I once spent a weekend at a Buddhist retreat, where the theme was “Being Present.” It was a wonderful time and an awakening experience. I knew the importance of being here now. My life was extremely busy, and my mind was in the past, thinking about something I did wrong (and replaying the moment over and over), or it was focused on the future (obsessing about something that had not yet happened and might never happen). I was rarely in the moment…in the present.

While focusing on the things I was doing in the present…at that moment at the retreat…helped me become more aware, and helped me bring my focus back to that moment.

One of the things we practiced Mindfulness on was eating; focusing 100% on chewing the food in my mouth: tasting it, feeling the texture, chewing each mouthful at least 200 times before swallowing it. Each time my mind drifted, I’d bring it back to what I was doing in the moment. We practiced this with breathing and walking, as well, among other things. I couldn’t believe how hard it was for me to practice the present while walking. I felt each muscle I used while I slowly put one foot in front of the other.

This really helped me to be more present in situations such as conversations, being in relationships, working on projects, etc. I still practicing being present while driving. It is so easy to be distracted while driving with billboards, signs, and, now, cell phones.

Certainly there are benefits to being present. Being present will bring you more awareness, which, in turn, will bring you more happiness in certain situations. Being able to fully experience a wonderful moment, such as a wedding…sharing an intimate moment with someone…engaging in conversation, etc., will undoubtedly allow you to enjoy it that much more.

How many times do we rush through a meal and hardly taste it? There are days that we allow to just blow by us. I guarantee that you’ll enjoy food that much more if you take the time to appreciate it, or take time in the day to breathe and enjoy that moment, feel the gratitude of being able to do all the things you are accomplishing.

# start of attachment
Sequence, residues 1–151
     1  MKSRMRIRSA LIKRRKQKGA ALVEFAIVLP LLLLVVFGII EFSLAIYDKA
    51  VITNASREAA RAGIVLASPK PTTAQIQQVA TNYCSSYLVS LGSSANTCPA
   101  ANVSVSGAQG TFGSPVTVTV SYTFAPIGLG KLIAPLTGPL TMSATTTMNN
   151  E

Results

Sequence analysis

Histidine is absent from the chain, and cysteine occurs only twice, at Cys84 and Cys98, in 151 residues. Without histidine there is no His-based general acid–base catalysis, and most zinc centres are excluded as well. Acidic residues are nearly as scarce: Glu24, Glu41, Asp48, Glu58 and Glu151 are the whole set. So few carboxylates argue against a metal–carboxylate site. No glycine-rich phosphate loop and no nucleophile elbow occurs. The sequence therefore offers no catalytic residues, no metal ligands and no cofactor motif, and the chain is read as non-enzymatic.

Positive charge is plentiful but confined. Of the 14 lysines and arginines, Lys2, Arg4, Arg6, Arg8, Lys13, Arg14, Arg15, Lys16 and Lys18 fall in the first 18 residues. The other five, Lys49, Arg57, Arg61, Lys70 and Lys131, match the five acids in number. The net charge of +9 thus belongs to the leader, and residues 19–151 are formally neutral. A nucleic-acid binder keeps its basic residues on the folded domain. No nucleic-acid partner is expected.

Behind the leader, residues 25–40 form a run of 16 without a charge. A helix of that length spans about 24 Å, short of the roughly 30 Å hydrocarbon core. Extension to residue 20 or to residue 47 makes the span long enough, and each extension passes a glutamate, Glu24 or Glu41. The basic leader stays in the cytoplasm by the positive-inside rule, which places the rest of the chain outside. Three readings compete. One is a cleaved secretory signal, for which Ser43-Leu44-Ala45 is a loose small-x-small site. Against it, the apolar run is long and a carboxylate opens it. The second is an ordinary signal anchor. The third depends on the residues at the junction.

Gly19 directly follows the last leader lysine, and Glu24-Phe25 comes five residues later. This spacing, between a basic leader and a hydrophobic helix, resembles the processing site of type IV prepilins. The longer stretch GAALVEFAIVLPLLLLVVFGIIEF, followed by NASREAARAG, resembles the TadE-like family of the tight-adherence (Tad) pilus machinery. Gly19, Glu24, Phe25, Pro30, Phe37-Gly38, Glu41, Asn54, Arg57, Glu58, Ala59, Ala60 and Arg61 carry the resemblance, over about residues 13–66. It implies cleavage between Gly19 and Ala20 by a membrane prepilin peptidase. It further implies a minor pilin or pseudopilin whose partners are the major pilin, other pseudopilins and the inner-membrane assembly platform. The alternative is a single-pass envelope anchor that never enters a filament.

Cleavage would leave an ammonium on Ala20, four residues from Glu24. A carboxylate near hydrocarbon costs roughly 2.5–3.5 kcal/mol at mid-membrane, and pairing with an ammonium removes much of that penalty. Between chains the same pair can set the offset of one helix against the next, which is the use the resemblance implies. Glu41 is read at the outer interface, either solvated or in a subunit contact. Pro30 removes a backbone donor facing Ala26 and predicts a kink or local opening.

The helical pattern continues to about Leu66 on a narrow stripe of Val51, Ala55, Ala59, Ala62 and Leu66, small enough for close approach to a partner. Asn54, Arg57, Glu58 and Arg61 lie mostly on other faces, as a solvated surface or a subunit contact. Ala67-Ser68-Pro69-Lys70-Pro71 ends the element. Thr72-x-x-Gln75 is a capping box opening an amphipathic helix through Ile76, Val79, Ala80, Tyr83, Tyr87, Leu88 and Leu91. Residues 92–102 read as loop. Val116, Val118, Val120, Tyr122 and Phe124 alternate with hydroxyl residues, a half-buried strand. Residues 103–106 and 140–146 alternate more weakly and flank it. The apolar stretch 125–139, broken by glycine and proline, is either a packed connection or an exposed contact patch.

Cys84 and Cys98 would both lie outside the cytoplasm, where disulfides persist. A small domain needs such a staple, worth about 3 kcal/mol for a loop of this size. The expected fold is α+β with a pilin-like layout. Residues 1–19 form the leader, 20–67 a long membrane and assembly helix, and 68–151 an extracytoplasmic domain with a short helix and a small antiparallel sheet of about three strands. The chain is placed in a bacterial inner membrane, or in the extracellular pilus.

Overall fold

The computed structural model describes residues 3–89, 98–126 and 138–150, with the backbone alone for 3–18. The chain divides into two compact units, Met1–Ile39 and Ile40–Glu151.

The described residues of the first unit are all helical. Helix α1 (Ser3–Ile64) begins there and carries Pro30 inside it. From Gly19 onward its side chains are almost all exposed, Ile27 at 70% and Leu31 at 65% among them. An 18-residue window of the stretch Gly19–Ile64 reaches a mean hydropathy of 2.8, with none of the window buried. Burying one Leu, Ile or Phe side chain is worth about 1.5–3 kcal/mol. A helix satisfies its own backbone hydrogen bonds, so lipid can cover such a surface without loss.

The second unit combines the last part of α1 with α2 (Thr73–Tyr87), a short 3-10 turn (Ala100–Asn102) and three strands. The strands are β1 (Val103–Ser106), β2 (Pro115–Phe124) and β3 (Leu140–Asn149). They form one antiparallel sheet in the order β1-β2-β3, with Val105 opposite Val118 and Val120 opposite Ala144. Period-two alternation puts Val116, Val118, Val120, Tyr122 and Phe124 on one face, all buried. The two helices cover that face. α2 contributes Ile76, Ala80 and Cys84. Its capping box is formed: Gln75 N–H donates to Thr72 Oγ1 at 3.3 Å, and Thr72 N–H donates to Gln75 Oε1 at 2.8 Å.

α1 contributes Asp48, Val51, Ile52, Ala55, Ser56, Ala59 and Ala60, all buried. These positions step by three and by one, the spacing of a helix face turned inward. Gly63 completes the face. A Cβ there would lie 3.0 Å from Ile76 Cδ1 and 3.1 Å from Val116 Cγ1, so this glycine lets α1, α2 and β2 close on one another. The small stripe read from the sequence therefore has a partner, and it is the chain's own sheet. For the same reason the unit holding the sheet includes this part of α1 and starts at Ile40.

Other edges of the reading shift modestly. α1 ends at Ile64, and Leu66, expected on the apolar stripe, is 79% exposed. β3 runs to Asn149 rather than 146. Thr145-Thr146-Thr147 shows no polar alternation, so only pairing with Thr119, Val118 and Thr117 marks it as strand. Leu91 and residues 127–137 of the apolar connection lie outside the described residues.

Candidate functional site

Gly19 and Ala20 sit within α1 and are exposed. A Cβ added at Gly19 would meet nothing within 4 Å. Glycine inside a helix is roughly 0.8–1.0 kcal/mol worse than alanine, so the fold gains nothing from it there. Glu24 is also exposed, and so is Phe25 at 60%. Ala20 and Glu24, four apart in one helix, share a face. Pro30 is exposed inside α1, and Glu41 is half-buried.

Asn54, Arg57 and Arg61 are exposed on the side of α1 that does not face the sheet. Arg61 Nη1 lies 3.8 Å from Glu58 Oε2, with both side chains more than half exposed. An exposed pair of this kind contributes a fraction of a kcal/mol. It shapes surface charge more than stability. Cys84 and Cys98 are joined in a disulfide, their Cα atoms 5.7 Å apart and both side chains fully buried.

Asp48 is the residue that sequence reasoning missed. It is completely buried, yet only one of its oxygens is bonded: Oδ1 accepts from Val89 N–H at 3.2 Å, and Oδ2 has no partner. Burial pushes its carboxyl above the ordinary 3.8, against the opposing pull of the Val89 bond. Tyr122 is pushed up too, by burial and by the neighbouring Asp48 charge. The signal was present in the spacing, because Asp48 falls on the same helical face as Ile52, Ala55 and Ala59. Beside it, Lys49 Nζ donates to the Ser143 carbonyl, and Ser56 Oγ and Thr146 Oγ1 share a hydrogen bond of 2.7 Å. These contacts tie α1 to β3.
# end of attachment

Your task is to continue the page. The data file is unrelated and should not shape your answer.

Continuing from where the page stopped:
Let’s face it. We create a lot of our own anxiety and stress. We’re thinking about something that has already occurred, feeling resentful about it or feeling unable to let it go, thus creating stress about something that we cannot change.

All we can do is change the present. But if we’re in the past, the present is passing us by; most likely causing more anxiety and stress. Or we are thinking about the future; about something that “might” happen. We become fearful about it and play different tapes in our head searching for better results. I’ve found out (and I’m sure it’s true for most of us) that over 95% of the things I used to let my mind take me for a ride about, never even come to be.

There are times I don’t want to be present, such as in a dentist’s chair. Being present might not always be appropriate, so do use discretion.

Being in the Present is all about being here now…within creation. Witnessing… experiencing feeling…all that is happening now.

And all that is happening now has a beginning and an end. It is of creation.

Being in the Presence is about allowing ourselves to witness Source/God in that which we are and all that we see. Seeing Source’ Essence is not of this world. It is of eternity. It is not finite as being Present is, but it is infinite…without boundaries, i.e., limitless.
Nothing short of the direct experience of God/Source will ever satisfy our need for wholeness, fulfillment and completion.

While being Present will allow you to experience more joy and happiness, that same joy and happiness will fade, and you’ll be looking for more in another action of being Present.